To understand the problem, consider the three reciprocals, 1/2, 1/3 and 1/5. How do you sum them? They have different denominators, 2, 3 and 5, so you have to create a new denominator, 30 = 2 * 3 * 5. Then you have to adjust the numerators (the numbers above the fraction bar) so that the new fractions have the same value as the old:

• 1/2 = 15/30 = (2*3*5 / 2) / 30
• 1/3 = 10/30 = (2*3*5 / 3) / 30
• 1/5 = 06/30 = (2*3*5 / 5) / 30
• 15/30 + 10/30 + 06/30 = (15+10+6) / 30 = 31/30 = 1 + 1/30

Those three reciprocals don’t sum to 1. Now try 1/2, 1/3 and 1/6:

• 1/2 = 18/36 = (2*3*6 / 2) / 36
• 1/3 = 12/36 = (2*3*6 / 3) / 36
• 1/6 = 06/36 = (2*3*6 / 6) / 36
• 18/36 + 12/36 + 06/36 = (18+12+6) / 36 = 36/36 = 1

So when n = 3, the problem consists of finding three reciprocals, 1/a, 1/b and 1/c, such that for a, b, and c:

• a*b*c = a*b + a*c + b*c

There is only one solution: a = 2, b = 3 and c = 6. When n = 4, the problem consists of finding four reciprocals, 1/a, 1/b, 1/c and 1/d, such that for a, b, c and d:

• a*b*c*d = a*b*c + a*b*d + a*c*d + b*c*d

For example:

• 2*4*6*12 = 576
• 2*4*6 + 2*4*12 + 2*6*12 + 4*6*12 = 48 + 96 + 144 + 288 = 576
• 2*4*6*12 = 2*4*6 + 2*4*12 + 2*6*12 + 4*6*12 = 576

Therefore:

• 1/2 + 1/4 + 1/6 + 1/12 = 1

When n = 5, the problem consists of finding five reciprocals, 1/a, 1/b, 1/c, 1/d and 1/e, such that for a, b, c, d and e:

• a*b*c*d*e = a*b*c*d + a*b*c*e + a*b*d*e + a*c*d*e + b*c*d*e

There are 72 solutions and here they are:

• 1/2 + 1/4 + 1/10 + 1/12 + 1/15 = 1 (#1)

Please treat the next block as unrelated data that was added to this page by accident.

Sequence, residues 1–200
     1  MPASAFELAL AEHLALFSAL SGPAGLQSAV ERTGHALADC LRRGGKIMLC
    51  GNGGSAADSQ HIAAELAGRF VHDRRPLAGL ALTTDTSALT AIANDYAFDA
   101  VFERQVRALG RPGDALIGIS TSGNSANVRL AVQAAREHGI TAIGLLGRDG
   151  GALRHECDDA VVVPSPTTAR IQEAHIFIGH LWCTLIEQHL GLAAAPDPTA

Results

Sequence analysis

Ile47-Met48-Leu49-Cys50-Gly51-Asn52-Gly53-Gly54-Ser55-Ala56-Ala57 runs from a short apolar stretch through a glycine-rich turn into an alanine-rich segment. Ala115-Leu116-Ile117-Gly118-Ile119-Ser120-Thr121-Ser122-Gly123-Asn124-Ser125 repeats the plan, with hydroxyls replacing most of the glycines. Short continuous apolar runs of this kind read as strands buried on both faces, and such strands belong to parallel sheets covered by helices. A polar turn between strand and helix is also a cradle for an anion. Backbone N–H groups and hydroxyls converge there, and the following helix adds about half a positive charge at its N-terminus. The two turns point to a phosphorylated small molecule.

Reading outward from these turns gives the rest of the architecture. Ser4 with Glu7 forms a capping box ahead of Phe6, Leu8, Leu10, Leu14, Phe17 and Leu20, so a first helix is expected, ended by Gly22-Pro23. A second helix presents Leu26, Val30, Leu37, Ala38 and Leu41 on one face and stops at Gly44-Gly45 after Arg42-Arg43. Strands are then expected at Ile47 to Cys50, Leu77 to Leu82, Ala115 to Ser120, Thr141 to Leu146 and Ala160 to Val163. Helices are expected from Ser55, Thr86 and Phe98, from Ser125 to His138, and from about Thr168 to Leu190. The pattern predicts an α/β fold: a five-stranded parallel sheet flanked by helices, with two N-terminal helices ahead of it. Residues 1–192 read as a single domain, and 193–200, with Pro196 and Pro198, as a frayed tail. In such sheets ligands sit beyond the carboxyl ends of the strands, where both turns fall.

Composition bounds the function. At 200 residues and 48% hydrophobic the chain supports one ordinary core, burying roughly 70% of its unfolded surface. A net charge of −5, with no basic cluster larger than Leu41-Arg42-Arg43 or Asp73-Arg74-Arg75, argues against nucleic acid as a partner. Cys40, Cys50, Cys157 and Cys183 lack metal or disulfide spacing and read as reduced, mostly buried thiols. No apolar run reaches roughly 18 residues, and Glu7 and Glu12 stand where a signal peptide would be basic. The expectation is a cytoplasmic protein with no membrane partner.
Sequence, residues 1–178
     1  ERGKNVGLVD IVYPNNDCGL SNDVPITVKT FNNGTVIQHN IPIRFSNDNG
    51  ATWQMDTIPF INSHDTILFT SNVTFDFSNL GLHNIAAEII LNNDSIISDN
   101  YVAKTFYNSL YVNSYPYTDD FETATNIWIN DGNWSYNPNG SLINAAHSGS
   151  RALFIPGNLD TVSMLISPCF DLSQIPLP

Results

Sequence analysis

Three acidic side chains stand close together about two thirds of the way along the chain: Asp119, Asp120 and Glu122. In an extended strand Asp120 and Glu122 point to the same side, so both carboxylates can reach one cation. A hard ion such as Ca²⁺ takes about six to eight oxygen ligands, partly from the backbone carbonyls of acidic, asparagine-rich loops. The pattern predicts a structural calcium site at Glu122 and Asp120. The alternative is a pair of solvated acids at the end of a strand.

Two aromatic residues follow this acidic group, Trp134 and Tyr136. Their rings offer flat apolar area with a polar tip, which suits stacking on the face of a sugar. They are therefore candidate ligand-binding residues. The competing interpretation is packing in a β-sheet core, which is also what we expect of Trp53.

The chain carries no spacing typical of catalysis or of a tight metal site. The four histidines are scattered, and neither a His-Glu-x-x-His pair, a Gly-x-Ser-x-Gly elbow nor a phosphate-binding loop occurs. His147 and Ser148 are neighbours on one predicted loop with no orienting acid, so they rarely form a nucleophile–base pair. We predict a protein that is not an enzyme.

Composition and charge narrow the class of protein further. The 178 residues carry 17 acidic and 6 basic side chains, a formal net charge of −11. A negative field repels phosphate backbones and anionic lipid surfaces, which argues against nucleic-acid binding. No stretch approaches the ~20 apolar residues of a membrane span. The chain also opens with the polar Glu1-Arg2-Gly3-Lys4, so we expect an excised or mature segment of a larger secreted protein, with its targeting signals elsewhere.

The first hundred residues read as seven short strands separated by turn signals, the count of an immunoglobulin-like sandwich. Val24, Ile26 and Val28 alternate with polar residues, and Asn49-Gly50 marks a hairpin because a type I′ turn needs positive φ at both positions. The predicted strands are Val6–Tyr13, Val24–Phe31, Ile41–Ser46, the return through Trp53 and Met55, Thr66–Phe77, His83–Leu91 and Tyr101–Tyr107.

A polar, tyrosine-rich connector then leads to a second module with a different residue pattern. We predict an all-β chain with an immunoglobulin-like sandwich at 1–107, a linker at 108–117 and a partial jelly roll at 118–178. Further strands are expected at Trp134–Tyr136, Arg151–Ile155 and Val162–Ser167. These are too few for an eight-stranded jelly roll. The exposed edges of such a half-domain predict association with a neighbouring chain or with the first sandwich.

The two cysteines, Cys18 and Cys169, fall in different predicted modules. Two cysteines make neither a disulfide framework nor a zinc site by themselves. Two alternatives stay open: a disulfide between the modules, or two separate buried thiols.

• 1/2 + 1/4 + 1/9 + 1/12 + 1/18 = 1 (#2)
• 1/2 + 1/5 + 1/6 + 1/12 + 1/20 = 1 (#3)
• 1/3 + 1/4 + 1/5 + 1/6 + 1/20 = 1 (#4)
• 1/2 + 1/4 + 1/8 + 1/12 + 1/24 = 1 (#5)
• 1/2 + 1/3 + 1/12 + 1/21 + 1/28 = 1 (#6)
• 1/2 + 1/4 + 1/6 + 1/21 + 1/28 = 1 (#7)
• 1/2 + 1/4 + 1/7 + 1/14 + 1/28 = 1 (#8)
• 1/2 + 1/3 + 1/12 + 1/20 + 1/30 = 1 (#9)
• 1/2 + 1/4 + 1/6 + 1/20 + 1/30 = 1 (#10)
• 1/2 + 1/5 + 1/6 + 1/10 + 1/30 = 1 (#11)
• 1/2 + 1/3 + 1/11 + 1/22 + 1/33 = 1 (#12)
• 1/2 + 1/3 + 1/14 + 1/15 + 1/35 = 1 (#13)
• 1/2 + 1/3 + 1/12 + 1/18 + 1/36 = 1 (#14)
• 1/2 + 1/4 + 1/6 + 1/18 + 1/36 = 1 (#15)
• 1/2 + 1/3 + 1/10 + 1/24 + 1/40 = 1 (#16)
• 1/2 + 1/4 + 1/8 + 1/10 + 1/40 = 1 (#17)
• 1/2 + 1/4 + 1/7 + 1/12 + 1/42 = 1 (#18)
• 1/2 + 1/3 + 1/9 + 1/30 + 1/45 = 1 (#19)
• 1/2 + 1/4 + 1/5 + 1/36 + 1/45 = 1 (#20)
• 1/2 + 1/5 + 1/6 + 1/9 + 1/45 = 1 (#21)
• 1/2 + 1/3 + 1/12 + 1/16 + 1/48 = 1 (#22)
• 1/2 + 1/4 + 1/6 + 1/16 + 1/48 = 1 (#23)
• 1/2 + 1/3 + 1/9 + 1/27 + 1/54 = 1 (#24)
• 1/2 + 1/3 + 1/8 + 1/42 + 1/56 = 1 (#25)
• 1/2 + 1/3 + 1/8 + 1/40 + 1/60 = 1 (#26)
• 1/2 + 1/3 + 1/10 + 1/20 + 1/60 = 1 (#27)
• 1/2 + 1/3 + 1/12 + 1/15 + 1/60 = 1 (#28)
• 1/2 + 1/4 + 1/5 + 1/30 + 1/60 = 1 (#29)
• 1/2 + 1/4 + 1/6 + 1/15 + 1/60 = 1 (#30)
• 1/2 + 1/4 + 1/5 + 1/28 + 1/70 = 1 (#31)
• 1/2 + 1/3 + 1/8 + 1/36 + 1/72 = 1 (#32)
• 1/2 + 1/3 + 1/9 + 1/24 + 1/72 = 1 (#33)
• 1/2 + 1/4 + 1/8 + 1/9 + 1/72 = 1 (#34)
• 1/2 + 1/3 + 1/12 + 1/14 + 1/84 = 1 (#35)
• 1/2 + 1/4 + 1/6 + 1/14 + 1/84 = 1 (#36)